1956: I just cannot vote to reelect Dwight Eisenhower—even if that gives us left-wing Adlai Stevenson. We never really have addressed Ike’s character flaws. While he was supreme commander of our forces in Western Europe he seems to have conducted a veritable affair with his chauffeur Kay Summersby, whose fiancé was killed on the front lines. She even visited the country for months when Ike was thinking of running for president—to his embarrassment. For me, Ike’s dalliance cancels out D-Day and all that.

When Ike wrote his best-selling memoir, he concocted a ploy to declare his huge royalties as capital gains, not income—to avoid the sort of taxes we all pay. Even salty Truman didn’t do that.

When icon George Marshall was attacked by the McCarthy crazies, the trimmer Ike kept silent—with his finger in the air to measure the political winds. So, he let his former boss and patron be slandered.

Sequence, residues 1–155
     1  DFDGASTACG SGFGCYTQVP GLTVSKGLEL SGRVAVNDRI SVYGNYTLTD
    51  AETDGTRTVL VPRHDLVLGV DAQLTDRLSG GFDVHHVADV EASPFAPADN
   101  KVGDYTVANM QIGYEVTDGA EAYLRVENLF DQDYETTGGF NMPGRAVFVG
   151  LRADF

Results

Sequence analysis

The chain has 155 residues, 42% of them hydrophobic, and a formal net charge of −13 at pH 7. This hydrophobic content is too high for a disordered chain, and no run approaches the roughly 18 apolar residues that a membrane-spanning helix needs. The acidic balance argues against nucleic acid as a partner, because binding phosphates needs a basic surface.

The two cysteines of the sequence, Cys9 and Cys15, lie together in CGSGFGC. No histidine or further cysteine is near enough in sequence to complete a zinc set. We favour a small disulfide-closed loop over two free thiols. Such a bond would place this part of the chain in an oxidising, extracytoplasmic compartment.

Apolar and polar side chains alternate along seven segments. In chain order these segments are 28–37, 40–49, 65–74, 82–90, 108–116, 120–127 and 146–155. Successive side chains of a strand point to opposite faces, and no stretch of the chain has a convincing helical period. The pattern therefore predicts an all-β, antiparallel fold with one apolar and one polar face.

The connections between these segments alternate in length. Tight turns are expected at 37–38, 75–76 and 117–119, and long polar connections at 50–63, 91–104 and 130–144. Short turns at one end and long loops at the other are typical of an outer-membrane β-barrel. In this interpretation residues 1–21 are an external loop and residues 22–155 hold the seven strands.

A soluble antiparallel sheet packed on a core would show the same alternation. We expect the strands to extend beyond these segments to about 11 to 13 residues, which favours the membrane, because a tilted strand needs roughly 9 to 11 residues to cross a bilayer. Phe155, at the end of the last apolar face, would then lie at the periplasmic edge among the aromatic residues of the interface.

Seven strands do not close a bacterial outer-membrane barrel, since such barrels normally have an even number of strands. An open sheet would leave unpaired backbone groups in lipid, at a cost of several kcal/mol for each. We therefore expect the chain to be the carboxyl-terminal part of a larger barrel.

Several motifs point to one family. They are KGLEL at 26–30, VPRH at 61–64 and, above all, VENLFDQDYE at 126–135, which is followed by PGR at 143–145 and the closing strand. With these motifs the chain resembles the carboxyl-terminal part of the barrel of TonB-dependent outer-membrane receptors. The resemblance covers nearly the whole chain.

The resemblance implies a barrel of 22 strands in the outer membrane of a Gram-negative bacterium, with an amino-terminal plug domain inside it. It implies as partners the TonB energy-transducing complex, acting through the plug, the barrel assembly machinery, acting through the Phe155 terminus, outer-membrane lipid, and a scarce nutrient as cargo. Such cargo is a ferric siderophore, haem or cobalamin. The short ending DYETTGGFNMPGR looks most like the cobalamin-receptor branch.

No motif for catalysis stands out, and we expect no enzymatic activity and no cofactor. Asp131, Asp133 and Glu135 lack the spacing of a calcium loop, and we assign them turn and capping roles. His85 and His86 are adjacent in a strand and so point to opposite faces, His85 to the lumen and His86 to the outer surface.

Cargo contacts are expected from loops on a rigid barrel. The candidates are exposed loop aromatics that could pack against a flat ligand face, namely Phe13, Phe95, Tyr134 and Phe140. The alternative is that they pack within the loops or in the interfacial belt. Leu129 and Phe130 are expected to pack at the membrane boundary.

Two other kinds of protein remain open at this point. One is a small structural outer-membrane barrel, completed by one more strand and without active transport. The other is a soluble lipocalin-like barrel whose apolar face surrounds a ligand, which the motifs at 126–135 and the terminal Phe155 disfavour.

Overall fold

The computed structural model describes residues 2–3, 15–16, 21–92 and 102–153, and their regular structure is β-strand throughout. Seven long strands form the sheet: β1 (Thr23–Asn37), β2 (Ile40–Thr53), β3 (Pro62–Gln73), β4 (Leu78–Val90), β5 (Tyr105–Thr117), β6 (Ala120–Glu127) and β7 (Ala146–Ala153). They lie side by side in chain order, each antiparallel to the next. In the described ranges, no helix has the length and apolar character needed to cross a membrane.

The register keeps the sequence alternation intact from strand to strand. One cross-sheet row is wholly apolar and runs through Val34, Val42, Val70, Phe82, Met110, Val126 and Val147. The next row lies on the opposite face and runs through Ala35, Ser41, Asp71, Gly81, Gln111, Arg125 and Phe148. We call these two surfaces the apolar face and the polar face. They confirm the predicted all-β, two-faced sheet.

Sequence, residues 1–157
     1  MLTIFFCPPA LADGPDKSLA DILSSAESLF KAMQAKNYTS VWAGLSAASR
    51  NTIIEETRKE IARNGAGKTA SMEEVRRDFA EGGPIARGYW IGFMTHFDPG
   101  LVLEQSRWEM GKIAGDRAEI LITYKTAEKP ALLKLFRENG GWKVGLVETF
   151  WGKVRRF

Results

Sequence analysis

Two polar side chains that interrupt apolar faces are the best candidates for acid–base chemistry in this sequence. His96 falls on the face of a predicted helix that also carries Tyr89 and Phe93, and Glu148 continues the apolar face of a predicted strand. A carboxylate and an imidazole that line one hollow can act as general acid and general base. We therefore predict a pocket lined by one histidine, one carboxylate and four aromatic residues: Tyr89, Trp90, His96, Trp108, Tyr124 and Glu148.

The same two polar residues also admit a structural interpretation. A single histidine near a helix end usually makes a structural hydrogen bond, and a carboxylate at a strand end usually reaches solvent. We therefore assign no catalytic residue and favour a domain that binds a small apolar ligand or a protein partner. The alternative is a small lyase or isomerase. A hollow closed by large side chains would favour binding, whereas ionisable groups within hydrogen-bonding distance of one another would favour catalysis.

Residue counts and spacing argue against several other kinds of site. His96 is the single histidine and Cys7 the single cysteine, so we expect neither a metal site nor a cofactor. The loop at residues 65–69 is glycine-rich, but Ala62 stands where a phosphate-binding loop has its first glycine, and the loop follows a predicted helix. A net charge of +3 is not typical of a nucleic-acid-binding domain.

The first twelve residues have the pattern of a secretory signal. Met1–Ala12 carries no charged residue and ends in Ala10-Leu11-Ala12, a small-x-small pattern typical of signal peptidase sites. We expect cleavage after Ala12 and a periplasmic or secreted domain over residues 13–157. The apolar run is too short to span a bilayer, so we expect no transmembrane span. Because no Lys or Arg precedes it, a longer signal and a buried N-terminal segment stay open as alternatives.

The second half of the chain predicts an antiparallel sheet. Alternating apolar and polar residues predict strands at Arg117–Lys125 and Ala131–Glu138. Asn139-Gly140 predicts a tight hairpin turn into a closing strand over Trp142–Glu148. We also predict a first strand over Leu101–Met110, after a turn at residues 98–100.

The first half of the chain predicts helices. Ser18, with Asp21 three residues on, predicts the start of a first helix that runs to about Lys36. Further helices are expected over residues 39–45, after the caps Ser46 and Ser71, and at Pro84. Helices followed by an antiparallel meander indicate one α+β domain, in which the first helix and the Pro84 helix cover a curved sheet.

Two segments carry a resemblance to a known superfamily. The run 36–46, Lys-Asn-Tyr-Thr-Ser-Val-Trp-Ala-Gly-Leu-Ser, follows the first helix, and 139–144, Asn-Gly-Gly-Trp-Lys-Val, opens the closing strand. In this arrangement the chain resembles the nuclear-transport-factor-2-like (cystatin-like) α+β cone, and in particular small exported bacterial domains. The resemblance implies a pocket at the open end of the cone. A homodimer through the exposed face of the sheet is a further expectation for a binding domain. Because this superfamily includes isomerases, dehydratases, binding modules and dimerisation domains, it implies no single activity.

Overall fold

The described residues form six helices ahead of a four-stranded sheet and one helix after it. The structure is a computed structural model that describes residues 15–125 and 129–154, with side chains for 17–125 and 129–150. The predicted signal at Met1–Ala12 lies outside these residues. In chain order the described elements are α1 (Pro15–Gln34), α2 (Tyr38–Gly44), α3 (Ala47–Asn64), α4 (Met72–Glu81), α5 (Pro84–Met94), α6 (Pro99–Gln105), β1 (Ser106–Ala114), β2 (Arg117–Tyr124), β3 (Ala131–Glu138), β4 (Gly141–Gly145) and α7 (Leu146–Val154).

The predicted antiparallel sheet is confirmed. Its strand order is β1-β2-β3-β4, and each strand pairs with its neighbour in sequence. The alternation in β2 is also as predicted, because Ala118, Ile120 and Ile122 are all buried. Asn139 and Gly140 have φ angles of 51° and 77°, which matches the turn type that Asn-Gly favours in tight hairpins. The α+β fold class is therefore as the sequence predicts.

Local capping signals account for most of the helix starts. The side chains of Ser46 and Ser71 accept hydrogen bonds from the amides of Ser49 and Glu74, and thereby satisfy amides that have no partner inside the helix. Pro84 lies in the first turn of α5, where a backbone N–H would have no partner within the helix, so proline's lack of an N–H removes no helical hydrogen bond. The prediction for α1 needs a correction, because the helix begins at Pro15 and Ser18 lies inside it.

Ike ran against Truman’s war, but when he got elected, he more or less did the same thing as Truman. Not a lot of character there. Which is more important, being right about the go-ahead order for the June 6 invasion or being wrong in cheating on your wife?

I think the better strategy for 1956 is “NeverEisenhower,” and just hope Stevenson wins. That way, the Democrats will go so hard left-wing that they will turn off the country. Their extremism will allow us time to rebuild the Republican Party and get ready for 1960 with known establishmentarians and good party men like Henry Cabot Lodge, Jr.—or at least a guy who has held one office before thinking he could become president.